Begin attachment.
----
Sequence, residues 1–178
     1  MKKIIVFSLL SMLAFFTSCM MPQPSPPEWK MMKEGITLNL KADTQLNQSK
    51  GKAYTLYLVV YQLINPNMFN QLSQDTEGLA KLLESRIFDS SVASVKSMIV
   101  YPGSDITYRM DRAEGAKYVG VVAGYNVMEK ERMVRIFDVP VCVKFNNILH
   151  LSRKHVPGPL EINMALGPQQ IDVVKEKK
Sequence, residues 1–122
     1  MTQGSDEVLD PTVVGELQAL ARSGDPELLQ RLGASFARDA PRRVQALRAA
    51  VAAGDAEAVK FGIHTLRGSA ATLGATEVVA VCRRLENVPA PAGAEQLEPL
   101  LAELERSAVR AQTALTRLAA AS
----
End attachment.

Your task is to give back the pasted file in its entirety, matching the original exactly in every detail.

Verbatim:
Sequence, residues 1–178
     1  MKKIIVFSLL SMLAFFTSCM MPQPSPPEWK MMKEGITLNL KADTQLNQSK
    51  GKAYTLYLVV YQLINPNMFN QLSQDTEGLA KLLESRIFDS SVASVKSMIV
   101  YPGSDITYRM DRAEGAKYVG VVAGYNVMEK ERMVRIFDVP VCVKFNNILH
   151  LSRKHVPGPL EINMALGPQQ IDVVKEKK
Sequence, residues 1–122
     1  MTQGSDEVLD PTVVGELQAL ARSGDPELLQ RLGASFARDA PRRVQALRAA
    51  VAAGDAEAVK FGIHTLRGSA ATLGATEVVA VCRRLENVPA PAGAEQLEPL
   101  LAELERSAVR AQTALTRLAA AS